US Taxation

1. Who is a United States (US) person and what is his/her tax liability in US?


A US Citizen, Green Card Holder and any person who is a resident in US as per the substantial presence test is liable to pay tax on his/her world-wide income in the US.

2. What is a foreign country for US tax purposes?


A ‘foreign country’ includes all geographical areas outside the US, the commonwealth of Puerto Rico, the commonwealth of the Northern Mariana Islands, and the territories and possessions of the US (including Guam, American Samoa, and the United States Virgin Islands).

3. What is substantial presence test for US tax purposes?


Substantial Presence Test for the purpose of US tax purposes is as under:

Any person shall be considered as a Resident in the US, if his days of stay in US are at least:

a.    31 days in the Current year AND

b.    183 days during 3-year period, calculated as under:

     i.        All days of Current Year

    ii.       1/3rd of the days present in the 1st year before Current year

  iii.   1/6th of the days present in the 2nd year before Current year

4. What will be the Residential Status of Mr. A in the US in the following case: Calendar Year: 2023,2022 and 2021 and his days of Stay in the US were: 170, 30 and 24 respectively.


Residential status of Mr. A under the Substantial Presence Test, shall be calculated as under:


Calendar Year

Number of days to be counted

Number of Days for Substantial Presence Test


All days of stay



1/3rd of Days of Stay



1/6th of Days of Stay



184 days

Therefore, total presence in the US is 184 days. Also, the number of days of stay in 2023 is greater than 31 days. Accordingly, Mr. A may be treated as a Resident for 2023 for US Tax purposes.

5. When is the US person liable to file his / her US Annual Federal Tax Return?


US persons are required to file a US federal tax return irrespective of their place of residence, if their income (earned in the US and outside the US) exceeds prescribed thresholds.

6. What is the due date for filing US tax return?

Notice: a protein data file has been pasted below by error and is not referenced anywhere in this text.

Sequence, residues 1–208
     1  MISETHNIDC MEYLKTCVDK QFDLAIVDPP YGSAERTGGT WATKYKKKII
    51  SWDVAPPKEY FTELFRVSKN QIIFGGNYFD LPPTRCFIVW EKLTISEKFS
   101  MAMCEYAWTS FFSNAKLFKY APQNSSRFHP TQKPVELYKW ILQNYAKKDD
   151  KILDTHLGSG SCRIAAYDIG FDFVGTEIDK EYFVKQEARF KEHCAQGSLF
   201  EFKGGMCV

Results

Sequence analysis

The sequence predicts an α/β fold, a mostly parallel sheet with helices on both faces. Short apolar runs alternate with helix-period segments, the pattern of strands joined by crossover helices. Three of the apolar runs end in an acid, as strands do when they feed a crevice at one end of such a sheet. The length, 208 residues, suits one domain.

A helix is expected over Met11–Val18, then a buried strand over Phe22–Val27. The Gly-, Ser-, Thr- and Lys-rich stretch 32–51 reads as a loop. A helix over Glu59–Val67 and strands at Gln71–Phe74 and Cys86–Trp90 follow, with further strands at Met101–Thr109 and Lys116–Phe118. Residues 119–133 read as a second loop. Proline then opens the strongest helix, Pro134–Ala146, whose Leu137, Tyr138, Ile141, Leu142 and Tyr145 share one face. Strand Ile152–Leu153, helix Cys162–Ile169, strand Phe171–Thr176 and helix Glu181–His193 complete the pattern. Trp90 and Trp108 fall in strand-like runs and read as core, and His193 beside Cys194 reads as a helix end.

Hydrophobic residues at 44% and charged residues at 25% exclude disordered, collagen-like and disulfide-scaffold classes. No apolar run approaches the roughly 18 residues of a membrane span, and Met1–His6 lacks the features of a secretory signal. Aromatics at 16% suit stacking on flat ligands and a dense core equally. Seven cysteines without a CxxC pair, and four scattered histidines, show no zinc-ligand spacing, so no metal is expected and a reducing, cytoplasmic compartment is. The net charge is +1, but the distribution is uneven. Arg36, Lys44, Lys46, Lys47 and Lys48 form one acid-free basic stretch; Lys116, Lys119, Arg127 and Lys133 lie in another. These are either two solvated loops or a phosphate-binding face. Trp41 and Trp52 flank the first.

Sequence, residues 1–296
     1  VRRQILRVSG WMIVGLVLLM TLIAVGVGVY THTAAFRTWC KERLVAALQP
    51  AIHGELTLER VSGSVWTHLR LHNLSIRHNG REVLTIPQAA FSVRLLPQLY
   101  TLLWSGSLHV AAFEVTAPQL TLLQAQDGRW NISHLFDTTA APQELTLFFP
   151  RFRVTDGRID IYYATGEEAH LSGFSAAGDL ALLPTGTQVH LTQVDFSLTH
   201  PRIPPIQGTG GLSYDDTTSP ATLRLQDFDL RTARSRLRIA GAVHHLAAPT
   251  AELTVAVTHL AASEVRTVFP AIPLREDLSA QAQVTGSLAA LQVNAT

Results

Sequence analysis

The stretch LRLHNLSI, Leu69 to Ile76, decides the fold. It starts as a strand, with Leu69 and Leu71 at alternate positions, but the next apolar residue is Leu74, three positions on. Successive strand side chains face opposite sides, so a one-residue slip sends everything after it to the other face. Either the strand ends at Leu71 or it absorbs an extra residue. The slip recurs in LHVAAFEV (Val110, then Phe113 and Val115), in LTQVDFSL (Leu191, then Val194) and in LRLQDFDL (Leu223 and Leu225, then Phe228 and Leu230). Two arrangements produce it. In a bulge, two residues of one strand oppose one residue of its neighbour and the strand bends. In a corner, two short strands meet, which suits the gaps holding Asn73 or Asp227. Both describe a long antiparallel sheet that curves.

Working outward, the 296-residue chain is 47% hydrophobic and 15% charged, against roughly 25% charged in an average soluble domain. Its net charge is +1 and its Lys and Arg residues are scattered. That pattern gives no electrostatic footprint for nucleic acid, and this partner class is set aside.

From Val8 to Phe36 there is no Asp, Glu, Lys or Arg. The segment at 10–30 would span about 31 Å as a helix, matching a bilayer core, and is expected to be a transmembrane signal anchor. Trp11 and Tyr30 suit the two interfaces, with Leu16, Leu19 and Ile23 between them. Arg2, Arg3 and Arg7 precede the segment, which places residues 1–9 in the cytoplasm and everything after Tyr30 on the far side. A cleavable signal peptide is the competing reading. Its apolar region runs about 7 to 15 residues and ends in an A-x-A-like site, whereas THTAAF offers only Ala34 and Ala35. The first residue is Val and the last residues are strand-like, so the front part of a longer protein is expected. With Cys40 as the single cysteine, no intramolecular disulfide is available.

The due date of filing annual US federal tax return is April 15 (maximum 6 months extension can be filed under Form 4868, i.e. upto October 15).


In addition, US Persons residing outside the US are allowed an automatic 2-months extension to file their annual US federal tax return. The automatic 2-months extends the above due date to June 15.


Any tax due should be paid before April 15 (even if extension taken) in order to avoid levy of interest.

7. Is there a requirement to file Tax Return in the US, just for the sake of disclosure?


No. As long as there is no taxable income or taxable income does not exceed the threshold limit, a US Person is not required to file US Tax Return.

8. What is Foreign Earned Income Exclusion (FEIE)?


If you are a US citizen or a resident alien of the US, you are taxed on your worldwide income. However, if you are a tax resident in a foreign country, you may qualify to exclude from income* up to an amount of your foreign earnings that is adjusted annually for inflation (USD 107,600 for 2020, USD 108,700 for 2021, USD 112,000 for 2022 and USD 120,000 for 2023).


*Foreign earned income exclusion is usually allowed only for current income such as salary income earned outside the US. Refer to FAQ 9 for further details.

9. Which Incomes are eligible for FEIE?


·        The following incomes are Earned Incomes and are eligible for FEIE:

Salaries and Wages / Commissions / Bonuses / Professional Fees / Tips.


·         The following incomes are Unearned Incomes and are not eligible for FEIE:

Dividends / Interest / Capital Gains / Gambling Winnings / Alimony / Social Security Benefits / Pensions / Annuities


·        The following is the list of Variable Incomes which may fall into either of the earned or unearned Income Category, or partly into both:

Business Profits / Royalties / Rents / Scholarships and Fellowship

10. How should interest and dividend income earned by US person in India be reported in USD while filing US tax returns?


Any foreign income earned outside US is to be divided by Yearly Average Currency Exchange Rates Table available on the IRS website to convert in USD.

11. What are estimated taxes and who must pay them?


Estimated taxes refer to “advance tax” payable during the Calendar Year. One may have to pay estimated tax for current year if your tax was more than zero in prior year. You may need to check if the amount of tax withheld from your income is enough or not. Accordingly, you may need to pay estimated taxes.


Further, one have to make estimated tax payments as per prescribed thresholds and mandated timelines in order to avoid penalty or late fee if estimated tax payments are late.

12. What is the Tax Cuts and Jobs Act (TCJA)?


In US, major tax reforms were approved by the Congress on December 22, 2017. This tax legislative reform, effective from Calendar Year 2018 till 2025, is referred to as the ‘Tax Cuts and Jobs Act of 2017’.


The TCJA changed deductions, depreciation, expensing, tax credits and other items that affected businesses and individuals.

13. What is the impact on Estate tax life-time exemption under the TCJA?


The federal estate tax life-time exemption has more than doubled from USD 5.49 million in 2017 to USD 11.18 million in 2018, USD 11.4 million in 2019, USD 11.58 million in 2020, USD 11.7 million in 2021, USD 12.06 million in 2022 and USD 12.92 million in 2023.

14. Who is liable to pay tax on gift in the US?


As per US tax laws, Donor, being a US person is liable to pay gift tax in US irrespective of the citizenship of gift recipient.